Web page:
Viruses have been successfully painted by biologists from Austria and Singapore in an attempt to track their fate in the body.
The breakthrough reported online in The FASEB Journal may help improve the efficiency of some forms of gene therapy, track and treat viral disease and evolution, improve the efficiency of vaccines, and allow health care professionals track the movement of viral infections within the body.
A research article describing the new method says that it should make it easier to track and treat infectious diseases like HIV/AIDS, influenza, hepatitis C, and dengue fever.
The article further states that this research may pave the way for new treatments for cancer, cardiovascular, metabolic and inherited disorders because viruses can help introduce biotechnology drugs and replacement genes, and act as vaccines.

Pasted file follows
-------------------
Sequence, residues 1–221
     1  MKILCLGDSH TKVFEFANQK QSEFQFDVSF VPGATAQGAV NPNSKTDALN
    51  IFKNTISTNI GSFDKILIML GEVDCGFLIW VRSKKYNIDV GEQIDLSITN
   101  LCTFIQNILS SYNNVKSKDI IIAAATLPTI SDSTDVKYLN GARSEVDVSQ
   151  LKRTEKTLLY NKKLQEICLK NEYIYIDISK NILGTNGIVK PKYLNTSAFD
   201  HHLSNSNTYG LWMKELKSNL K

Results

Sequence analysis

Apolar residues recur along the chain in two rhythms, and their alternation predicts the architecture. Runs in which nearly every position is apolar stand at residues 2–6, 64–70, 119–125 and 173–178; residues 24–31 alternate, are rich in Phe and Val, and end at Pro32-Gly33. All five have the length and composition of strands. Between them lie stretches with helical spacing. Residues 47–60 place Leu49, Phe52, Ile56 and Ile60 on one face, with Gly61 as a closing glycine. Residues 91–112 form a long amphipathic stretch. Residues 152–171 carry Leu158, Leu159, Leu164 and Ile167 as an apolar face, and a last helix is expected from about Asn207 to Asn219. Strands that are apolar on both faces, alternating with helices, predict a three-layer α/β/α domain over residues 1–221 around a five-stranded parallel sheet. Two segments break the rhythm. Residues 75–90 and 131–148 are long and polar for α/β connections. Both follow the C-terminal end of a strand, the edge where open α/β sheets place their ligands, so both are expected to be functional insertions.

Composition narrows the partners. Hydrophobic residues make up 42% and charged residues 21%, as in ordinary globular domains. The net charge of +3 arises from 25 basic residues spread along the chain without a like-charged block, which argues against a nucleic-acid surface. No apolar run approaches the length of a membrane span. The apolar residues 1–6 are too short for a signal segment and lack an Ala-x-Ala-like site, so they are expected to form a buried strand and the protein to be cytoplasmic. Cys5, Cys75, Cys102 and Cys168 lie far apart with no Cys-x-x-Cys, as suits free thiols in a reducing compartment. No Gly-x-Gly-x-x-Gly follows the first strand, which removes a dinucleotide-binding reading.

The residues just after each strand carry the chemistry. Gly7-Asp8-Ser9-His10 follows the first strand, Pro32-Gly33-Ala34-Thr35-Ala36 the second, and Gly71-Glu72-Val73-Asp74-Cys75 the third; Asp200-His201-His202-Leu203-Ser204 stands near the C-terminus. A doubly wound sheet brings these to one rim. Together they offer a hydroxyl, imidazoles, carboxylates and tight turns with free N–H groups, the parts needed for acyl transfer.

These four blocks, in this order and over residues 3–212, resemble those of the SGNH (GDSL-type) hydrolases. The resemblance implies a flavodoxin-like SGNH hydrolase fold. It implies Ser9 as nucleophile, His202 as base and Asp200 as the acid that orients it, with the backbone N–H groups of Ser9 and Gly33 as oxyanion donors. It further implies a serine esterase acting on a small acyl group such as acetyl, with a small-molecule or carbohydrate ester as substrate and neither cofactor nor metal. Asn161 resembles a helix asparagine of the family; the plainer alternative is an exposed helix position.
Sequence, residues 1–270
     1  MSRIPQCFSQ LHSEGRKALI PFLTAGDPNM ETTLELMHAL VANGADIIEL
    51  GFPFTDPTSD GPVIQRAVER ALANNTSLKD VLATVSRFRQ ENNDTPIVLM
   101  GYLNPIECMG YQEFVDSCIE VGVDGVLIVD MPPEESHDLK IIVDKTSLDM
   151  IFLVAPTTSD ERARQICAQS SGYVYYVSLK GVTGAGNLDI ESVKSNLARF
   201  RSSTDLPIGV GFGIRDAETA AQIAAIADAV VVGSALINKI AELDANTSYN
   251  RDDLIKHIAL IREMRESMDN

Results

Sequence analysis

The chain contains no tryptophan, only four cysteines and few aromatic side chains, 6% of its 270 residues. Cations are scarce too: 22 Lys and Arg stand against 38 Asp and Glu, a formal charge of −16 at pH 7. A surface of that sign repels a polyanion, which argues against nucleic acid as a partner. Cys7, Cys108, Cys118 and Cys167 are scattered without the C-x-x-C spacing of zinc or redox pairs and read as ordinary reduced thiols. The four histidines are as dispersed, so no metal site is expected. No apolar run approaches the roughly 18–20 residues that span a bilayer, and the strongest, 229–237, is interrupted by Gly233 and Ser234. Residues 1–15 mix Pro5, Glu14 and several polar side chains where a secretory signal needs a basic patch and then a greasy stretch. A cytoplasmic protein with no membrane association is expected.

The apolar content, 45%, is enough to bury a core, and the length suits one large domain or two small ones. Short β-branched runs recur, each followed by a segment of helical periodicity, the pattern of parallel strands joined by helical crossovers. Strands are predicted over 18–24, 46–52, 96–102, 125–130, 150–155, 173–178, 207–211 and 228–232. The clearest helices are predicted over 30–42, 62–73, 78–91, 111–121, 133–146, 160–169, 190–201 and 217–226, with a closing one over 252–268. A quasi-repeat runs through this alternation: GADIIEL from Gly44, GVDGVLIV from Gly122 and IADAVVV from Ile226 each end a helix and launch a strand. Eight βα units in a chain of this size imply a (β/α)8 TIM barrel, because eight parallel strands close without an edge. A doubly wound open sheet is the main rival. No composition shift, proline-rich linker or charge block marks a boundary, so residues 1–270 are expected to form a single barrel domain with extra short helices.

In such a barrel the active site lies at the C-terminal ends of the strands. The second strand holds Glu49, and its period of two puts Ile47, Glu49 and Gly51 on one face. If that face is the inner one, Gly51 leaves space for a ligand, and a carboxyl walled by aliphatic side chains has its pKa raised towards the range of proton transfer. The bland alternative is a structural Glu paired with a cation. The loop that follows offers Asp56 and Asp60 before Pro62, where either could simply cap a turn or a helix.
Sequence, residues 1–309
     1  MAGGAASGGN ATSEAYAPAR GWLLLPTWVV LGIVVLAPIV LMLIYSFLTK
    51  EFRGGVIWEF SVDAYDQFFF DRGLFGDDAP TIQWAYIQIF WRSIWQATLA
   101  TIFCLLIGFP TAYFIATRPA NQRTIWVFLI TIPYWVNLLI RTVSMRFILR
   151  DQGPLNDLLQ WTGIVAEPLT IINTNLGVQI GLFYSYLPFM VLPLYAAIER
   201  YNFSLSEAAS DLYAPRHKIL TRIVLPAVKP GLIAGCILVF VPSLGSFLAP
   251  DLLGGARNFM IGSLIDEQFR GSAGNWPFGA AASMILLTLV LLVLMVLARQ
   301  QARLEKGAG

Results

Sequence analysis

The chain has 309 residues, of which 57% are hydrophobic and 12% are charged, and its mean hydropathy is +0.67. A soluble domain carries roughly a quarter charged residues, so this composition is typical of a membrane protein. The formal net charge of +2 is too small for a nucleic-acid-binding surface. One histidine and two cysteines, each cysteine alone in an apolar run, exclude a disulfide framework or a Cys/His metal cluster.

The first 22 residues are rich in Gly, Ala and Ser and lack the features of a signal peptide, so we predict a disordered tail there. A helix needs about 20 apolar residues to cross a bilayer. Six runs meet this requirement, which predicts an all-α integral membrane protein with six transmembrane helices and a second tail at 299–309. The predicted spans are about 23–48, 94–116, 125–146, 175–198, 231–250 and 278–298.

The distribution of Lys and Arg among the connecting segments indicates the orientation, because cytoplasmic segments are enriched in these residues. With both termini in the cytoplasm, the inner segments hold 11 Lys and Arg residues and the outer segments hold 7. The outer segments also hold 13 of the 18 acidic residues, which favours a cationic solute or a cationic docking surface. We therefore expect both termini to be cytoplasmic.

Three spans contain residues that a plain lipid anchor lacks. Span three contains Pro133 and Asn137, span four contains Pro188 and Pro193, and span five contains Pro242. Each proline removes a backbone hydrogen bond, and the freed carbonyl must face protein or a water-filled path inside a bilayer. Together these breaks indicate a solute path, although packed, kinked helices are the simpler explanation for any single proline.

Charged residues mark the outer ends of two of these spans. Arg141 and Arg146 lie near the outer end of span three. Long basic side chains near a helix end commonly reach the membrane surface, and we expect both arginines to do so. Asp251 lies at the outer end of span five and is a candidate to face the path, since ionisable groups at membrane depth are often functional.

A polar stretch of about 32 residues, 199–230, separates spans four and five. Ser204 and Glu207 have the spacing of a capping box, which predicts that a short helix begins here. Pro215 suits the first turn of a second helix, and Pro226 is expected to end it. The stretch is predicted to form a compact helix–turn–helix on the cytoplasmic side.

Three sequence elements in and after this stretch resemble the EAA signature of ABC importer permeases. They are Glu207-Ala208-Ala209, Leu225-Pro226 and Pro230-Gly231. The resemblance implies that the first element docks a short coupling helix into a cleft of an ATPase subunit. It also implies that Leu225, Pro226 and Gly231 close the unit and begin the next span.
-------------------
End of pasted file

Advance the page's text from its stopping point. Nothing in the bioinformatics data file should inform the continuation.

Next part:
"This technology should provide a new tool for the treatment of many diseases. Even if you are working with a virus that is unknown or poorly characterized, it is still possible to modify or paint it. This is very interesting for emerging diseases," said Brian Salmons, one of scientists who co-authored the study.
He revealed that the viruses remained infectious even with the new paint job.
Although the researchers involved just one type of protein and two types of viral vectors in their study, they said that the technique could be expanded and used to apply "paint" made up of other proteins, dyes, and a variety of unique markers.
"Biology and art converge daily: people paint their nails, color their hair, and tattoo their skin. Now this convergence has entered a new dimension as painted viruses permit scientists to track, cure and prevent disease," said Dr. Gerald Weissmann, Editor-in-Chief of The FASEB Journal.